The complainants disagreed with the host’s claim that the Catholic Church was "rotten to its core". They accepted that some priests had behaved disgracefully and that the matter had not been dealt with appropriately at first, adding:
We feel very sad about this situation and are relieved that it will at last be dealt to fairly and sympathetically.
 However, as "all Catholics are the Church", they considered the host’s comments were a personal insult. Moreover, they objected to the comments which denigrated the Pope, "a highly respected World Leader" who carried out his duties despite suffering from Parkinson’s disease.
 The host’s comments, they said, damaged the increasing religious tolerance and understanding which was occurring, and they sought an apology from the host.
 The Broadcaster made three points in its response to the Authority:
1. The complainants are wrong to assert ‘a few’ priests and brothers have behaved disgracefully.
There is clear evidence that paedophilia is rife in the Catholic Church and thousands of young
boys have been damaged.
2. It is also clear that paedophilia in the Catholic Church has been covered up on grand scale.
3. Leaders, both political and religious, are not immune from criticism, comment or satire. This
applied in the reference to the Pope.
 While acknowledging that some priests had behaved disgracefully, the complainants did not accept that, consequently, the Church "was rotten to the core". They referred to the important work done by some groups within the Church, and the value of Catholic education. They agreed that leaders were not immune from criticism, but questioned whether that meant ridiculing and insulting those who suffered from disabilities.
 The Authority observes that the host entered the current debate about the widely reported global scandal involving sexual abuse within the Catholic Church.
 While the comments complained about were, in the Authority’s opinion, an intemperate outburst, it considers the comments were nothing more than a self-opinionated and populist contribution to an ongoing debate in the media about an international scandal. The complainants acknowledged that widespread interest. The Authority concludes that the broadcast did not breach Principle 7 of the Radio Code of Broadcasting Practice.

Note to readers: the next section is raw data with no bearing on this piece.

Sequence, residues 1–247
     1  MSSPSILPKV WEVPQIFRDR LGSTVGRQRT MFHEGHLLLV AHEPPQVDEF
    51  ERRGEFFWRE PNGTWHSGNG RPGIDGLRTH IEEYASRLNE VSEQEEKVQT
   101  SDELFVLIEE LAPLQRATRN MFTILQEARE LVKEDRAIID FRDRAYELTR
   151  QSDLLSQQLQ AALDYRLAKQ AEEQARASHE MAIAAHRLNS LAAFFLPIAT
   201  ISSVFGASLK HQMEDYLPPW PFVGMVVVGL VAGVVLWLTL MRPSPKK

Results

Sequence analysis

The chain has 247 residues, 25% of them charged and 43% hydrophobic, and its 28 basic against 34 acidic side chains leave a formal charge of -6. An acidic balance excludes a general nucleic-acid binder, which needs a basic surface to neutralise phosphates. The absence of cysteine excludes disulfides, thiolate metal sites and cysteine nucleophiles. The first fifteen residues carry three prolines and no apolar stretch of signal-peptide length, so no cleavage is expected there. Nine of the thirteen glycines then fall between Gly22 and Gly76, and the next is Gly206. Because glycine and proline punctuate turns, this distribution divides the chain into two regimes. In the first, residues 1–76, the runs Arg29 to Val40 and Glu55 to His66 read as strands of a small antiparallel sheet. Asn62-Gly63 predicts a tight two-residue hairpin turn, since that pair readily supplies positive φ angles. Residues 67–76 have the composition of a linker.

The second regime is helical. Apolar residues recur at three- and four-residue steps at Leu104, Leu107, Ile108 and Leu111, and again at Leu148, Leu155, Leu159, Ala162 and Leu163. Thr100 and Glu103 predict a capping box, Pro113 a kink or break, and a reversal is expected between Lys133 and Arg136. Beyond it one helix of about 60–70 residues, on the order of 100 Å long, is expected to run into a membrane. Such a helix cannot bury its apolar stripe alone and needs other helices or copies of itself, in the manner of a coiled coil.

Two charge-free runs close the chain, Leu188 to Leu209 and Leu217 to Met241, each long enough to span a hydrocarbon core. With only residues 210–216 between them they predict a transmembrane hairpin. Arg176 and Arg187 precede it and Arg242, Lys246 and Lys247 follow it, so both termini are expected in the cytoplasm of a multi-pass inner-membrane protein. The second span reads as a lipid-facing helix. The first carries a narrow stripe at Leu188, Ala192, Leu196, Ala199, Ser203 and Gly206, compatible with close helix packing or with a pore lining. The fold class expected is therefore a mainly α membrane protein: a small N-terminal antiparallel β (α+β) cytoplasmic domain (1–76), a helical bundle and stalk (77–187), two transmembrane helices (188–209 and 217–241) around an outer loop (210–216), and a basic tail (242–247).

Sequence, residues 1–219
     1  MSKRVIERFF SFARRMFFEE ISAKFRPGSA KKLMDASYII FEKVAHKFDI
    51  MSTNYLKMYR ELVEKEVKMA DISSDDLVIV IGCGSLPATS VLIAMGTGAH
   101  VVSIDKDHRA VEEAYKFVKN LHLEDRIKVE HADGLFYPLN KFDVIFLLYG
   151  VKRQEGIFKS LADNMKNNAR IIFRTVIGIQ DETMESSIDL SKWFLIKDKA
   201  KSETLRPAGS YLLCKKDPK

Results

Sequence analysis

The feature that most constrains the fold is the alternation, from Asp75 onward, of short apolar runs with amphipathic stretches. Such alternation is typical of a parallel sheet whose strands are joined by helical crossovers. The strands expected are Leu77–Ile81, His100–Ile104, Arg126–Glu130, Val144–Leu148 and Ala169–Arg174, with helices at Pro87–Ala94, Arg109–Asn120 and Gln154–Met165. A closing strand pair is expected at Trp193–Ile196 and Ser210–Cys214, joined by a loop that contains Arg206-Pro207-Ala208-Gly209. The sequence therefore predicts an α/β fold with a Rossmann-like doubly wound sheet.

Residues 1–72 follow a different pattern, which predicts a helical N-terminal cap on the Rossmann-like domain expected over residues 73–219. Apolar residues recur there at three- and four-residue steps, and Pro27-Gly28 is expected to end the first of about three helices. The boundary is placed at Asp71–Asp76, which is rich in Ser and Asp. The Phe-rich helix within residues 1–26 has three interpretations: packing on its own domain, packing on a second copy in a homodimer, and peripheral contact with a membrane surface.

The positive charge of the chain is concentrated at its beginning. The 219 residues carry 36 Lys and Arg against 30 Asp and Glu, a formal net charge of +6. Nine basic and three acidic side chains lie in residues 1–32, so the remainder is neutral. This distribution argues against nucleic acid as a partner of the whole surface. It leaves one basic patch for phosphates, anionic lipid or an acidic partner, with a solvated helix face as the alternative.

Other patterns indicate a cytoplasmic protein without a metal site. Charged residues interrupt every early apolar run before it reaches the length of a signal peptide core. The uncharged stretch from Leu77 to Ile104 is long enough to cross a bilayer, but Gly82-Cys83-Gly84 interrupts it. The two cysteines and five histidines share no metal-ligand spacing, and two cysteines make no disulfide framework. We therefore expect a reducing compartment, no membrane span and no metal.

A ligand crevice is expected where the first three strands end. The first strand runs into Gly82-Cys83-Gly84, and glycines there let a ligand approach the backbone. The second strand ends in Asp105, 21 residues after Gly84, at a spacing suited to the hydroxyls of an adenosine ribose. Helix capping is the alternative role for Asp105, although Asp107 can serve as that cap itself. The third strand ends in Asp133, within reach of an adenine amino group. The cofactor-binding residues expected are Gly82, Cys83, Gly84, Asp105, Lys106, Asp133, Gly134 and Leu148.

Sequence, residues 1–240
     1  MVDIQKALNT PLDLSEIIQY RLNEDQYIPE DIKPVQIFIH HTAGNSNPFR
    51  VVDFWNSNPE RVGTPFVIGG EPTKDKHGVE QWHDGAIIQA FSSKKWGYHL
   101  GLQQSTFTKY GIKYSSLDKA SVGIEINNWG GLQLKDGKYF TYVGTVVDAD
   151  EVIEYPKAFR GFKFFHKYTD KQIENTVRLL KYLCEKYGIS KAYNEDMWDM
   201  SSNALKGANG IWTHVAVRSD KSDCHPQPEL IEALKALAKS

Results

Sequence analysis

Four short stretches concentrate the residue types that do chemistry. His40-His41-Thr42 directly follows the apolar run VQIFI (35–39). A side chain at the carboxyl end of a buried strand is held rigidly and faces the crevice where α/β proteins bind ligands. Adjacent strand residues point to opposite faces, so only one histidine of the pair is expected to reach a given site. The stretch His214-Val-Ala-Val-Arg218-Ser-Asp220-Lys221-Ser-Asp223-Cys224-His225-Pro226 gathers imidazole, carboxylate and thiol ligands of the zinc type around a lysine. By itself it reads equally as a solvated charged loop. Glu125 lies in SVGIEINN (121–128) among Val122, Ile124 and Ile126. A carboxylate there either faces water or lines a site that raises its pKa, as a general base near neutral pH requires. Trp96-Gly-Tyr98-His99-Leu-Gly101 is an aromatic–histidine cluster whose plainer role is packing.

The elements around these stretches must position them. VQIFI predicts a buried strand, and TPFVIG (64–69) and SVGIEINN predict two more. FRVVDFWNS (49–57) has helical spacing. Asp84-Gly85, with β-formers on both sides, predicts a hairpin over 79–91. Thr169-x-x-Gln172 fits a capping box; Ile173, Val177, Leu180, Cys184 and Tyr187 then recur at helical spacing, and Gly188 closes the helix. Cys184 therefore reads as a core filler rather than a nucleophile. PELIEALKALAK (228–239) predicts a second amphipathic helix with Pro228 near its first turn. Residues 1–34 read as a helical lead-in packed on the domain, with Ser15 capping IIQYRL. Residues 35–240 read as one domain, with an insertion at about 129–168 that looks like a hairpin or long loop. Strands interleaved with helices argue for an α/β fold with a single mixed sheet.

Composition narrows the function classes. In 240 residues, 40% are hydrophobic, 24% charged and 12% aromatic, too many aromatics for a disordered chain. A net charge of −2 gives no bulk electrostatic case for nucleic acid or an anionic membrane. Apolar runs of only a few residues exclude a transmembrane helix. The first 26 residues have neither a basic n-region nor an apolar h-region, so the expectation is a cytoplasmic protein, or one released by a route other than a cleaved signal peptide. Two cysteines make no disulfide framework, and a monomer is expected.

The Authority notes it has stated on a number of occasions that, given the requirements for free speech in a democratic society, a high level of invective is necessary in order for it to conclude that a broadcast is of such a nature that it encourages denigration or discrimination in contravention of the standards.
 The Authority observes that to find a breach of broadcasting standards on this occasion would be to apply the Broadcasting Act 1989 in such a way as to limit freedom of expression in a manner which is not reasonable or demonstrably justifiable in a free and democratic society (s.5 of the New Zealand Bill of Rights Act 1990). As required by s.6 of the New Zealand Bill of Rights Act, the Authority adopts an interpretation of the relevant standards and applies them in a manner which it considers is consistent with and gives full weight to the provisions of the New Zealand Bill of Rights Act.
For the above reasons, the Authority declines to uphold the complaint.
Signed for and on behalf of the Authority
26 September 2002
The following correspondence was received and considered by the Authority when it determined this complaint: